This month, I'm participating in a blog challenge called Blaugust. To see the list of participating blogs, click on the logo above. I would encourage to you please cheer on our participants with either a tweet or a comment on their blog during this month. It can be hard to blog on a daily (or even regular) schedule! :) If you would like to join the blogging challenge, you can still sign-up anytime!
For years, I have had a goal of integrating rich tasks into my classroom and this year is no exception.
But... (here's the confession)... I didn't. Or at least I didn't do it well. There are a lot of excuses as to why, but that's not what this post is about. :)
For the first time in at least 5 years, I have the same preps as I did last year (YAY!), so I am determined that this is the year that I am going to meet my "Rich Tasks" goal.
But it's hard. It is difficult to find good problems, to find time to sit down and sort through problems, to play with the 5 practices on how to integrate those problems. So I had to find a way to get through some of those excuses. I needed a way to organize the problems I did find so that when it came time to USE the problems, I could do so without additional stress.
Here's my plan:
I created a powerpoint for my Geometry book and started by making a screen for each chapter with a list of the individual lessons within each chapter. Then, as I had time, I have populated it with problems that I've found on Open Middle, Exeter Math, Park School Math, NCTM Calendar, etc. (I should note that I've put the source credit / link / page / number in the slide notes so that I will have access to the info but I can easily copy/paste the slides over to my working lesson PPT.)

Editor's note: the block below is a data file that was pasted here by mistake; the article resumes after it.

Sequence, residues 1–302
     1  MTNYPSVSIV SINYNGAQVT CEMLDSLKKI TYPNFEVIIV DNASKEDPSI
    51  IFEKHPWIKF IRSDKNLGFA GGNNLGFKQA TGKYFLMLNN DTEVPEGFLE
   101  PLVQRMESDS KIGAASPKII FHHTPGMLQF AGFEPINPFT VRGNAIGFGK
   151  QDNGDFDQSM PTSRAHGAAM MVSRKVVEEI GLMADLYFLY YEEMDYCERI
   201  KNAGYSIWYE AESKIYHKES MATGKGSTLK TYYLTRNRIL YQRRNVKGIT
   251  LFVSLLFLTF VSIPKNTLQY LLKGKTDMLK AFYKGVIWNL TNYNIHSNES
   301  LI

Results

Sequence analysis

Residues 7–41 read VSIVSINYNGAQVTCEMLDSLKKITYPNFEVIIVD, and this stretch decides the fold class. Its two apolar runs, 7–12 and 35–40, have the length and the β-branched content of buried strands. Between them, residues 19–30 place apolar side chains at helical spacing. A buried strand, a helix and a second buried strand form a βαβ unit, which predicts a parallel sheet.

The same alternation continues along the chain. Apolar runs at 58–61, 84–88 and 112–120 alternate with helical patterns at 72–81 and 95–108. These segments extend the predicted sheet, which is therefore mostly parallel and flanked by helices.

One of the struggles I've had is what constitutes a rich task? Mainly I've been looking for a couple of criteria:
- Accessibility - We hear about this a lot with "low floor" tasks and "multiple entry points", but I am looking for problems that all students should be able to start somewhere
- Multiple Methods - Learning is messy and part of what I love about math is that different strategies can all work well. I want something that can create some rich dialogue on "how did you think through this problem?"
- Interesting - Now granted, I chose problems that were interesting to me.. questions that made me think, ponder, wonder, and puzzle. And just because I found it rich doesn't mean that others would and that's okay.
One thing I've learned about myself over the years is that if I want something to change (and be a LASTING change), I need to figure out a way to make it sustainable when the craziness of the year happens and to make it user-friendly for me so that I have fewer excuses to ignore it.
Would love to hear how you organize tasks and/or your favorite places to find tasks! :)